GDPR: What you need to know

From May 2018 the new General Data Protection Regulations (GDPR) will be in place, replacing the current Data Protection Act. The new regulations will apply to all types of organisations – including small charities and leisure time music groups – and so it is something you should be aware of and may mean making some changes.

Exactly what those changes are will depend on what you currently do.

  • If you are compliant with the current (Pre May 2018) data regulations and your general approach to how you handle and use data is fair, reasonable and secure then it is likely the impact will be fairly small.
  • If data protection is something you have not considered too carefully in the past or perhaps you have let your procedures and processes slip a little, then the impact may be greater.

In either case GDPR represents a good opportunity for you to review your policies and approach to data and make sure your organisation is responsible in handling data.

So what has actually changed?

GDPR does bring quite a few changes – but they won’t all be relevant for our members. We have listed what we think you will need to be aware of below. We also have more detailed guidance including practical steps you need to take.

Personal data

The definition of what is personal data has been expanded. It now includes almost anything that can be used to identify an individual – so this could be personal contact details, a membership number or a photo. You need to consider the data as a whole. A name alone could be enough to identify someone. A common name might not be enough – but with an email or postal address it might be. Likewise some bank details next to an ID number might not be enough – but if the ID number can be linked to a name/address it becomes identifiable.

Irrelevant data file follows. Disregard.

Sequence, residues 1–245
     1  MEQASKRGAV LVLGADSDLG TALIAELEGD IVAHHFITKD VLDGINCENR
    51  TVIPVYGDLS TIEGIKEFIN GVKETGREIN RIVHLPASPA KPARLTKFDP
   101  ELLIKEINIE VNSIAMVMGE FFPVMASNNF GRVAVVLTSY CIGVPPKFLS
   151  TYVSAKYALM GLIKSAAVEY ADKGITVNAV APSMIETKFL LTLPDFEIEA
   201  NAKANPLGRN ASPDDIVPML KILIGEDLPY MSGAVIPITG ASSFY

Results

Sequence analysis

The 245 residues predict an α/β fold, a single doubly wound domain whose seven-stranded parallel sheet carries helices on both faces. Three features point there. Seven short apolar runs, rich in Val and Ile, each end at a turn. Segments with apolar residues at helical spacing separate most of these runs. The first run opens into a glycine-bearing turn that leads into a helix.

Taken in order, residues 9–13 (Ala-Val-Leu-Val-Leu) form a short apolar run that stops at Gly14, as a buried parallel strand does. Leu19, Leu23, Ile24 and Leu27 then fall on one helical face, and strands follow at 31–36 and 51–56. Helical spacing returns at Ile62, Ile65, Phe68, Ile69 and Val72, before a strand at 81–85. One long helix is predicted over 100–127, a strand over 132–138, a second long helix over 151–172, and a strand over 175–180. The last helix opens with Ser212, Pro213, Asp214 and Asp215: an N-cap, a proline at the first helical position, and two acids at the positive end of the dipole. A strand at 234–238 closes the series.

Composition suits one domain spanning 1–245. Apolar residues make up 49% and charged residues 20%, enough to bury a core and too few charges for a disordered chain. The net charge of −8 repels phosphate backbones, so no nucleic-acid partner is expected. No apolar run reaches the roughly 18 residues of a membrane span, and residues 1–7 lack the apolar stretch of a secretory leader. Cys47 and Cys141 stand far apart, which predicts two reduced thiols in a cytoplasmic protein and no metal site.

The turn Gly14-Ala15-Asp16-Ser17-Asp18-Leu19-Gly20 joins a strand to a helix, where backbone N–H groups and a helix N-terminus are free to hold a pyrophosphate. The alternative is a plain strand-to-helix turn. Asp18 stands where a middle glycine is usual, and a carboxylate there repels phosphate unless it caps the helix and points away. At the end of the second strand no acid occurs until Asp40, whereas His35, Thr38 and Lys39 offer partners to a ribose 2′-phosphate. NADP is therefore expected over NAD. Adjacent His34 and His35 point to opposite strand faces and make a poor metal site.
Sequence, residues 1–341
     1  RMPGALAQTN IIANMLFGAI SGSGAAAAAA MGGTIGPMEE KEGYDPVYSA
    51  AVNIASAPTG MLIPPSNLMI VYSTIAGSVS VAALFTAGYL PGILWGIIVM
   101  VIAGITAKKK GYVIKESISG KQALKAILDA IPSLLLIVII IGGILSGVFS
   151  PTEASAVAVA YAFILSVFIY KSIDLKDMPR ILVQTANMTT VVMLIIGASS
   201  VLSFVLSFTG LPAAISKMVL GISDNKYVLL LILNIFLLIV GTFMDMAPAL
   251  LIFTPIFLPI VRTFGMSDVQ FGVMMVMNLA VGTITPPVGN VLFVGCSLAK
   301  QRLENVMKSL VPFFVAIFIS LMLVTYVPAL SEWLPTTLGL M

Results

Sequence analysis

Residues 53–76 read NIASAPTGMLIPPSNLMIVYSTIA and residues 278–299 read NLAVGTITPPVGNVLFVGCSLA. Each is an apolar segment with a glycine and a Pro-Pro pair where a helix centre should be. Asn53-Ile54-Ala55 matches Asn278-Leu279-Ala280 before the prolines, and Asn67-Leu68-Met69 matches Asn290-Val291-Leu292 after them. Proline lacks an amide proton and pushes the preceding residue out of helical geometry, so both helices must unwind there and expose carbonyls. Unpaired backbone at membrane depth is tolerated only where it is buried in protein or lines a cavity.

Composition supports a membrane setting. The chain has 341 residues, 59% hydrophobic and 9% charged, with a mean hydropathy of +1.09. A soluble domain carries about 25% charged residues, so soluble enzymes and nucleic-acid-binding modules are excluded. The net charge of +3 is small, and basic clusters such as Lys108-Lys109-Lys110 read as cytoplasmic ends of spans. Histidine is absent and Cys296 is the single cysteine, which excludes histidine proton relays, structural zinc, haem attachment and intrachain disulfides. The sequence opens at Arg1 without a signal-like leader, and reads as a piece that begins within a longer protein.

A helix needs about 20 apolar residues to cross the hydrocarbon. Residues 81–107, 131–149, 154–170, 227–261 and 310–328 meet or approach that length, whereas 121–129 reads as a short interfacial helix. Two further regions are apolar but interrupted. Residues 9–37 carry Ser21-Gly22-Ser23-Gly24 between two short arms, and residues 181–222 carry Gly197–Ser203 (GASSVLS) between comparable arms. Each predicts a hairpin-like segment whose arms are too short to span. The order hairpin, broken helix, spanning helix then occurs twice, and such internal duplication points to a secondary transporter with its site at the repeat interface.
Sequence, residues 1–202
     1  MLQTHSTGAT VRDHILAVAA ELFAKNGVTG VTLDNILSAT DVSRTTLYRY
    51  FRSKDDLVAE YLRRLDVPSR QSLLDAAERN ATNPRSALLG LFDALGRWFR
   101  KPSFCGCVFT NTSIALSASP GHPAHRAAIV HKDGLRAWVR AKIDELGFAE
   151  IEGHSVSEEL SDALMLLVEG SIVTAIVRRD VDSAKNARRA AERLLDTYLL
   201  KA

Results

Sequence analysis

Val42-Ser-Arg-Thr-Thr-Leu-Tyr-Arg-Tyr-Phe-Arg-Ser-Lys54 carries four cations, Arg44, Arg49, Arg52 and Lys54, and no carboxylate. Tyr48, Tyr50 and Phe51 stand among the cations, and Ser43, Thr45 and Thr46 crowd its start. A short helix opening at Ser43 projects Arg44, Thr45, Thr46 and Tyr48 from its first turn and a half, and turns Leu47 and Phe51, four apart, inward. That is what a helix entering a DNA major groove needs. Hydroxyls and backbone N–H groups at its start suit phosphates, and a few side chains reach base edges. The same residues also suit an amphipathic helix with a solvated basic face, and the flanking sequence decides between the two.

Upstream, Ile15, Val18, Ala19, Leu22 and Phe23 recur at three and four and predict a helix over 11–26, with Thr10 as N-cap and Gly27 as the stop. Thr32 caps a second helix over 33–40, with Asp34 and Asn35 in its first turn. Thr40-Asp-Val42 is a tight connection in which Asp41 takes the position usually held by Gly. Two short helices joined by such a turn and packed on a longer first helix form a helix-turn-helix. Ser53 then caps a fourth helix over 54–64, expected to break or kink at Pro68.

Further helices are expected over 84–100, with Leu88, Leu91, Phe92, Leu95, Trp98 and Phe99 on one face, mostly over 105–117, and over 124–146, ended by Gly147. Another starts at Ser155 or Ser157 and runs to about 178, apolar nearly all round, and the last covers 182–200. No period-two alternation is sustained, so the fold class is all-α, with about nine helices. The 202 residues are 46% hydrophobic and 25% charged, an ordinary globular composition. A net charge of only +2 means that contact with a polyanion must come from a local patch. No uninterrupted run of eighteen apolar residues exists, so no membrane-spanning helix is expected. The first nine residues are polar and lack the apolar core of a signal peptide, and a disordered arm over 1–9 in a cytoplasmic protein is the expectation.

Impact: to be aware of all the data you hold on someone – not just the traditional things like name and address. Photos are an interesting one – the key thing is identifiable – we will cover this in more detail in our GDPR toolkit. 

Reason, consent and legitimate interests

The key thing with all data is not that you have it as such – but that you have a good reason to have it and that you have consent to use it.